We’re past the point now where the Heat can slip on their noise-canceling headphones and pretend the only beats they hear have been downloaded according to personal taste.
After 105-103 in Boston on Monday night, the drums are pounding louder than the “1812 Overture” all over the basketball world.
The Heat’s 23rd consecutive victory pushed them past the anomaly that was the 2008 Rockets and at very least tiptoes them across the threshold and inches them into the throne room with royalty.
Wilt, West and Goodrich. LeBron, Wade and Bosh. That’s a Hall of Fame red carpet that’s rolled out between them.
Make no mistake. It is all no more than a hollowed-out log if they aren’t standing under a shower of confetti and holding up the Larry O’Brien Trophy in June. Because that’s why you play the game. It is fine for the contrarian Jeff Van Gundy and stat geek Daryl Morey to point out that these serpentine win streaks that stretch from one month into the next are almost as rare as unicorns and therefore technically more difficult to achieve than championships.
But let me know the next time somebody hangs a win streak banner from the rafters or hands out rings for consecutive regular-season wins.
As Magic Johnson said: “I’ll take the diamonds.”
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Still, there is no denying that what is happening here is special. Even the usual facade of the ‘”We’re-above-it-all” Heat is slipping to reveal the emotion that’s building like the lava dome under a volcano.
A week ago, those in the Miami locker room still insisted that nobody was thinking about a double-digit win streak or rushing to flip ahead several pages in the record book. But a look at the expressions and the emotions that showed on the Heat faces in the fourth quarter at the TD Garden on Monday night showed just how much has changed. They were down 13 with eight minutes to play. Rather than appear defeated, the Heat were defiant.
It is prudent to note that they are just over 2/3 of the way from the record of 33 held by the 1971-72 Lakers. If the Heat were an individual player chasing Wilt’s 100-point game, they would have 69. Impressive, but still a long way off. Yet stepping over the flotsam of the Houston team that couldn’t even win a first-round playoff series in 2008 clears a path toward their own unique place in the game.
“It means a lot,” James said. “I am a historian of the game. I know the history of the game. I know almost all the teams that have come through the ranks. To be sitting in second place right now, with so much that this game has given to our fans and everything, for us to be there, doing it the way we want to do it, it means a lot.”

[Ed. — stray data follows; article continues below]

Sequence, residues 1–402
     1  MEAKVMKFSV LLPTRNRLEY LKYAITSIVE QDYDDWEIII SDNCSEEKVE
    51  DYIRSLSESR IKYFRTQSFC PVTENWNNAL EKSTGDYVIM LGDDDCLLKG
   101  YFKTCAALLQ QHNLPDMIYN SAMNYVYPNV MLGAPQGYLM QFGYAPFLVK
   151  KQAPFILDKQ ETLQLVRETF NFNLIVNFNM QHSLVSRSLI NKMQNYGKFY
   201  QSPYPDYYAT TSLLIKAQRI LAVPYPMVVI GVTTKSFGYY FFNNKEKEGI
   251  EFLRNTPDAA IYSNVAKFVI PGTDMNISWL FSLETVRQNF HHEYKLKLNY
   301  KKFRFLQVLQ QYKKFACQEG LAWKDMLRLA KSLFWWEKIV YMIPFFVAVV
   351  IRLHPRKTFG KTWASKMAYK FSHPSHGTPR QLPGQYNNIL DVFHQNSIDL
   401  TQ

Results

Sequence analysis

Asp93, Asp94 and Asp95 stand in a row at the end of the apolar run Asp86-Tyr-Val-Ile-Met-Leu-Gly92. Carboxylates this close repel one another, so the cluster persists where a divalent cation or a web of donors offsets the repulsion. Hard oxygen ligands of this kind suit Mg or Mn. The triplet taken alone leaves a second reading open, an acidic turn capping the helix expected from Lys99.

Back in the summer of 2010, in the aftermath of “The Decision,” James was ridiculed for ticking off the number of championships that the Heat could win — “not one … not two … not three … not four … not five … not six … not seven …”
But now that they’ve got the first title, and it seems reasonable to think there’s another in the pipeline, this could be their once-in-a-slam-dunking-lifetime opportunity to put an indelible stamp and stake a place in the NBA’s pantheon.
While Michael Jordan’s Bulls won six championships, it is the 1996 team that set a regular season record of 72-10 that stands above them all. The 1967 Sixers, led by Chamberlain, won a then-record 68 regular-season games and made their mark by ending the eight-year reign of Bill Russell’s Celtics. The 1983 Sixers vaulted from an overpowering 68-14 regular season to the pinnacle behind Moses Malone’s “Fo’, fo’, fo’ “ proclamation that they nearly fulfilled by running through the playoffs with a 12-1 record. And, of course, the Lakers ran off their 33-0 streak early in the 1971-72 season, won a then-record 69 games and made their claim as the all-time best team by closing the deal on the championship.
A singular achievement. That’s where the Heat are now, fully engaged and fully aware that this is now the stuff of legacy. It is what James and Wade and Bosh came together to do.
“We’re aware, and it’s a special opportunity that we have with this group,” said coach Erik Spoelstra. “And you don’t want to take it for granted. You want to treat every day as a special opportunity to be with this group, to share these moments together, but more importantly to take a step closer to going after our goal. And every day that we improve puts us in a better position in a quest where nothing is guaranteed for anybody.”
It is almost a living, breathing creature inside the locker room, one they’ve fed and fueled. It forces the Heat to look at themselves differently.
The beat goes on, only now they’re driving it.